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CINCINNATI (LifeSiteNews) — Archbishop Dennis Schnurr of the Archdiocese of Cincinnati is clamping down on ad orientem Masses and effectively banning the use of high altars, as per a December decree scheduled to take effect on January 19.

The decree partially restricts ad orientem Masses (facing the altar, “liturgical east”) by mandating that “On Sundays and other days of obligation, there must be at least one Mass offered versus populum (facing the people) in every church, oratory, or chapel in which public Mass is scheduled,” and that on other days “there must be at least one Mass offered publicly versus populum in each Family of Parishes.”

Exemptions to this policy “may be sought in writing from the Archbishop via the Chancellor,” the decree states, and the Chancery must be given advance written notice before the regular celebration of ad orientem Masses in a parish.

Ad orientem Masses are also essentially restricted to freestanding altars in the archdiocese, since the decree commands that Masses “only” be celebrated on a “freestanding altar” when one is present, and “NOT on the older high altar.”

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Liberal bishops around the world continue promoting heterodox views on homosexuality, female priests, divorce, contraception, and more — advancing anti-Catholic positions that jeopardize the salvation of souls.

Such bishops often sideline, ignore and even persecute traditional Catholics who simply ask that the Faith be preserved and passed on to their children.

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There are countless examples of bishops working against Christ's Church in calling for divine law to be ignored in favor of sexual, doctrinal and liturgical deviancy, even trying to clamp down on Catholics who practise the Faith. 

Just last year, Cardinal Cupich banned traditional prayers after Mass, and more recently has curtailed the Traditional Latin Mass in his diocese. 

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Archbishop Schnurr’s decree is unclear about the reason for the restrictions, but he cites the “unity of the Church” and “a legitimate desire among the People of God” in the archdiocese “for worship in both a versus populum and an ad orientem posture.”

In publishing a copy of the decree, the Archdiocese of Cincinnati’s Northwest-5 Family of Parishes pointed out that “there has been a noticeable increase recently in parishes across the Archdiocese where priests have begun celebrating Mass in a more traditional manner,” including through the celebration of ad orientem Masses.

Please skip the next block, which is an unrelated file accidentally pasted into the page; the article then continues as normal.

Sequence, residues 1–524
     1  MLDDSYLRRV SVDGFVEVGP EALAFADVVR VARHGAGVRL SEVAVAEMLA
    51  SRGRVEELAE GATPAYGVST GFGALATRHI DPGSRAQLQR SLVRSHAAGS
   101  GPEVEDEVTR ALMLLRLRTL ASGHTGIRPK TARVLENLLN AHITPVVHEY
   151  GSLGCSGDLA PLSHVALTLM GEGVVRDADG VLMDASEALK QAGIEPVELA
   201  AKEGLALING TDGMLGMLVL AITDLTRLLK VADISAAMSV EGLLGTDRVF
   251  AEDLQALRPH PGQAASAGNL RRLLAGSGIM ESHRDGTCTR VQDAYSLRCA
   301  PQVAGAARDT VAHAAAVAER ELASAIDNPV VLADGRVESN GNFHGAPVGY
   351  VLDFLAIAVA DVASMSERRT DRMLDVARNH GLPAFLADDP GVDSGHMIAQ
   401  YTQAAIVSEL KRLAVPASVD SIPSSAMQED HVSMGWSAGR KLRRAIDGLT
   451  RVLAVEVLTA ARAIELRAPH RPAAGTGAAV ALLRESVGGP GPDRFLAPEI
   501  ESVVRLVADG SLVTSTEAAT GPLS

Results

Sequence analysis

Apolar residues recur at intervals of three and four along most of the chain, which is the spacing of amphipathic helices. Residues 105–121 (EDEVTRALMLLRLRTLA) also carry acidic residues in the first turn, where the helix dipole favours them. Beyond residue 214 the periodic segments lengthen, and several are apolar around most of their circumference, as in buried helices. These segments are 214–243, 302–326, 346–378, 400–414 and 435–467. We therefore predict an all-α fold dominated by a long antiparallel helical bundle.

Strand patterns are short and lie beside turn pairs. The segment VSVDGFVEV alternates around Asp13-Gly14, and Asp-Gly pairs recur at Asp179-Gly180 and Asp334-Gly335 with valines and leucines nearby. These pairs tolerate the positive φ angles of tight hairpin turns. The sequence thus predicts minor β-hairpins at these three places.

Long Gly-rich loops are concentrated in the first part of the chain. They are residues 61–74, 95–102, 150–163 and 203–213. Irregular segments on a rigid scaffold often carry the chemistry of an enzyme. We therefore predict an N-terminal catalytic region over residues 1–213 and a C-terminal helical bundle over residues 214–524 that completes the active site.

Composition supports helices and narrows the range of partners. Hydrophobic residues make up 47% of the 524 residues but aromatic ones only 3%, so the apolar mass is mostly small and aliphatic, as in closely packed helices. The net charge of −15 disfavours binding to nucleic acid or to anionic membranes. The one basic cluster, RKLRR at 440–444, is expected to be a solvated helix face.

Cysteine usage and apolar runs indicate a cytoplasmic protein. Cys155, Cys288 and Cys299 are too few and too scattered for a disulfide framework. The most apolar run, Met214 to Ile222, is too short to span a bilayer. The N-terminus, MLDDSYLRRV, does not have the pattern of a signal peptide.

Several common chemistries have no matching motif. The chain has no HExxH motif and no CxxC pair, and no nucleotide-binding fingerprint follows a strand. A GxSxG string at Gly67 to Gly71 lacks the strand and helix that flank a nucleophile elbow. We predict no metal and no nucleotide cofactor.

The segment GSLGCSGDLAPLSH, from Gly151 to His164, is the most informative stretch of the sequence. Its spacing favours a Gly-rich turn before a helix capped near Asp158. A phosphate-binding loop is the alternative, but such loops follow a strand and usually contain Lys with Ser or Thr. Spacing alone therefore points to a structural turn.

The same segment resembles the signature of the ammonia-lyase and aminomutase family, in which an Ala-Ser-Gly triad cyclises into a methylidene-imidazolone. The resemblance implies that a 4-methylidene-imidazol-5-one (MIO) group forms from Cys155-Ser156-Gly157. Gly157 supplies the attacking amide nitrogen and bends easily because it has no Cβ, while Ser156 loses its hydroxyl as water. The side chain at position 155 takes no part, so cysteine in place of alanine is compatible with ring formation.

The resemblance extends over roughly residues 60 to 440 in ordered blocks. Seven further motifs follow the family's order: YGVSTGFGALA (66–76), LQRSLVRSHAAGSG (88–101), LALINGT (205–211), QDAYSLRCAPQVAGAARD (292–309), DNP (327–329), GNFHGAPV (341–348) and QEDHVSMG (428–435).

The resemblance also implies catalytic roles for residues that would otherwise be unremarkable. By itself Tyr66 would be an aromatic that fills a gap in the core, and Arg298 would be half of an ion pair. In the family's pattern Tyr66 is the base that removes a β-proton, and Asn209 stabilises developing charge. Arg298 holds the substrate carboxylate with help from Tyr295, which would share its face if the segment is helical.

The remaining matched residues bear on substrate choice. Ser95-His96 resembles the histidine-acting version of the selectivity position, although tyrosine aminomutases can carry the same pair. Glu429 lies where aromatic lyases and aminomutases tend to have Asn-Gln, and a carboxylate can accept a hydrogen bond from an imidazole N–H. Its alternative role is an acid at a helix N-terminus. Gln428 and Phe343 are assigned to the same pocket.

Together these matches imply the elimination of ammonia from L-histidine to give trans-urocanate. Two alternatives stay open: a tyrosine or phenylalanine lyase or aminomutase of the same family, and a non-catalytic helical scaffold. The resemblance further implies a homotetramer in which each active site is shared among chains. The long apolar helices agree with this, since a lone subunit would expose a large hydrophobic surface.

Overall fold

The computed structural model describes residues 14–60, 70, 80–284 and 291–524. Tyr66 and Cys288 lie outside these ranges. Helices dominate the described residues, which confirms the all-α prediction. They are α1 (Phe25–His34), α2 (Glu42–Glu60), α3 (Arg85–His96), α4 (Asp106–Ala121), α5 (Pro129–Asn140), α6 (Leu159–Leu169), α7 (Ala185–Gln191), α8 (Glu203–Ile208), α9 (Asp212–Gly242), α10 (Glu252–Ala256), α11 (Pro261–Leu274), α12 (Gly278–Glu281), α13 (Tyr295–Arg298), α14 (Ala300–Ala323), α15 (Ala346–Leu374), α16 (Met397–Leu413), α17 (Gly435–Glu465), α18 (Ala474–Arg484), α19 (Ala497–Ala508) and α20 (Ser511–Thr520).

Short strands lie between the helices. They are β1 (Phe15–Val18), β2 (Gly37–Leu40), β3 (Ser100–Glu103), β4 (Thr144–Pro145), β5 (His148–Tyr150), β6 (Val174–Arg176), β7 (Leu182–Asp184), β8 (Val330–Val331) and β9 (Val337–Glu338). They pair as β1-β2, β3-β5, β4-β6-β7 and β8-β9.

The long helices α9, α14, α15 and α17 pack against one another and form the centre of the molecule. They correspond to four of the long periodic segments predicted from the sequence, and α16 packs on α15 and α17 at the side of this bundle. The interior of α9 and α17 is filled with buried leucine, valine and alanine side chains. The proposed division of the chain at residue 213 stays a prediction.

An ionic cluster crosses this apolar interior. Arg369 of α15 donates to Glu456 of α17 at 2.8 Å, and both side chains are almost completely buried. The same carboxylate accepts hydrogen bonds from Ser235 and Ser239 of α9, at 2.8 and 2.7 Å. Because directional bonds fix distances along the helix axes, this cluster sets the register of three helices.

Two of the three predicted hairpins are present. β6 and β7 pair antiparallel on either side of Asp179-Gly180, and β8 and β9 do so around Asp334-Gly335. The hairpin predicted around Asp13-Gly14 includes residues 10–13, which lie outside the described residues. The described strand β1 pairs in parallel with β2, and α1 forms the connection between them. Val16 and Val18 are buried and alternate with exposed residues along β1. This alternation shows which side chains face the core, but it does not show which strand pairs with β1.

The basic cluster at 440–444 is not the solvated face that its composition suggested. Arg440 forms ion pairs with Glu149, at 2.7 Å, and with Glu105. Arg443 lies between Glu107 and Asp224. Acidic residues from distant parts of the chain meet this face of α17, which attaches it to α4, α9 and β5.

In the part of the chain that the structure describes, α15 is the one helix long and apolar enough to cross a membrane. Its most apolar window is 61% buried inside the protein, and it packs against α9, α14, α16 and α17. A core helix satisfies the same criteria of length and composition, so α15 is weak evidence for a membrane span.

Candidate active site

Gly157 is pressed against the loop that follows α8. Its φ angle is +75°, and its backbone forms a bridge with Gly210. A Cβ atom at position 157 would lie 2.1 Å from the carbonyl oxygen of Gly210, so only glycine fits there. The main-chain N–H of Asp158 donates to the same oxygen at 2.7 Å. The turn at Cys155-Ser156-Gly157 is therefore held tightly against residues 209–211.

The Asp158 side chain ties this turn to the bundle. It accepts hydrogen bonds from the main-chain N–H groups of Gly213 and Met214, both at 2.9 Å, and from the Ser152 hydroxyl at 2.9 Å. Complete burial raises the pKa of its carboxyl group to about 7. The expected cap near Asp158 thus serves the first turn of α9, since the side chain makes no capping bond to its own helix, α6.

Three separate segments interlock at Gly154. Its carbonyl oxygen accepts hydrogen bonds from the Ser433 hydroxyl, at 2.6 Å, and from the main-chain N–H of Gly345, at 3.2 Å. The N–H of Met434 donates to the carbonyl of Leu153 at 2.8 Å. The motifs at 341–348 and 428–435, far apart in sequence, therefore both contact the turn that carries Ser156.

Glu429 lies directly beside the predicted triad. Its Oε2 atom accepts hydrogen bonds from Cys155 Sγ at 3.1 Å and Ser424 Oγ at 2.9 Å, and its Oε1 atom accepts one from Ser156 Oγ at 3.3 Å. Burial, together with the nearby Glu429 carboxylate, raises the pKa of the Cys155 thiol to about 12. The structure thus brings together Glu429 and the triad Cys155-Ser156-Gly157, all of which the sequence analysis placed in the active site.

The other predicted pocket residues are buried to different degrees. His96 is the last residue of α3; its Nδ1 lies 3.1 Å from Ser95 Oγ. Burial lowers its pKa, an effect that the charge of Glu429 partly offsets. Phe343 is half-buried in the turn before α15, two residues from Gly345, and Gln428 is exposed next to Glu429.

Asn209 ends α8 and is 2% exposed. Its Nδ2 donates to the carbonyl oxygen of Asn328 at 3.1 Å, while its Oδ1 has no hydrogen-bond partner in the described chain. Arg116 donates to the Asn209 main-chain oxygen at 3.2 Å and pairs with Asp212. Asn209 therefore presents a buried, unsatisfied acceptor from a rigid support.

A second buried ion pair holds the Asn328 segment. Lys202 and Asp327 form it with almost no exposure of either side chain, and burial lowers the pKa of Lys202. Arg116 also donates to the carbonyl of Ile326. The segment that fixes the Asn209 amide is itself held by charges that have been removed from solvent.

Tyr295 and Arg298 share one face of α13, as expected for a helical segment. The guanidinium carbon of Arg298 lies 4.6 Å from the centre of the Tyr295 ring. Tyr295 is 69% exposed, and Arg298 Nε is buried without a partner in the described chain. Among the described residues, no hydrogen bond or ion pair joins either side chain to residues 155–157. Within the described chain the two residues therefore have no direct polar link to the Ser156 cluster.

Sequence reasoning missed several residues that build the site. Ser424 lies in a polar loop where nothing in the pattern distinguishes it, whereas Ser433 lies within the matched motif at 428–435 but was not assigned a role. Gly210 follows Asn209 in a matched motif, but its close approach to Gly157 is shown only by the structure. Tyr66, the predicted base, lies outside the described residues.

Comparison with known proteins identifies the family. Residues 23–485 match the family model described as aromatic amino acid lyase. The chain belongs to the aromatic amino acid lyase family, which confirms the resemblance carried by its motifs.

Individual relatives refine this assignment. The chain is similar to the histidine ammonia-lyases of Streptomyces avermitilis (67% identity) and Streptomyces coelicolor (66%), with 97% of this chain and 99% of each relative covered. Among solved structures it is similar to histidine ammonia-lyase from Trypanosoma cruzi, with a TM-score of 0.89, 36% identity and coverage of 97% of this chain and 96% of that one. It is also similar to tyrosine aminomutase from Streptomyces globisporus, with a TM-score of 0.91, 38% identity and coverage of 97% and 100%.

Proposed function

One Twitter user remarked in response to Schnurr’s decision, “There are lots of young priests and seminarians in Cincinnati who want to offer the TLM. I think the diocese is scared. Says a lot that they’d rather kill morale and vocations than set free the TLM.”

The NW5 Family of Parishes has a webpage dedicated to resources on ad orientem Masses, including a brief explanation of the liturgical practice. It points out that while ad orientem means “to the east,” since some churches are built so that the altar is not on the east wall, “liturgical east” is indicated by the location of the Tabernacle, “since it contains the Son of God.”

“For over a thousand years, the altar was placed against the east wall of the church” so that the priest and the people faced not only the direction where the sun rises but where the Son of God is expected to appear at the Second Coming, as one essay on the practice explains.

Retired Bishop Edward Slattery of Tulsa, Oklahoma pointed out in 2019 that ad orientem Masses, which were the “liturgical norm for nearly 18 centuries,” were held on to because of the “sublime way it reveals the nature of the Mass,” as an act of sacrifice in which the priest stands in the person of Christ as the Head of the Mystical Body — the congregants — who unite themselves with Him as He offers Himself to the God the Father.

Slattery cited Pope Benedict XVI, who has “urg[ed] us to draw upon the ancient liturgical practice of the Church to recover a more authentic Catholic worship” in explaining his own decision to restore the ad orientem position when he celebrated Mass at the Cathedral.

LifeSiteNews reached out to the Archdiocese of Cincinnati for comment but has not received a response as of the time of publishing.

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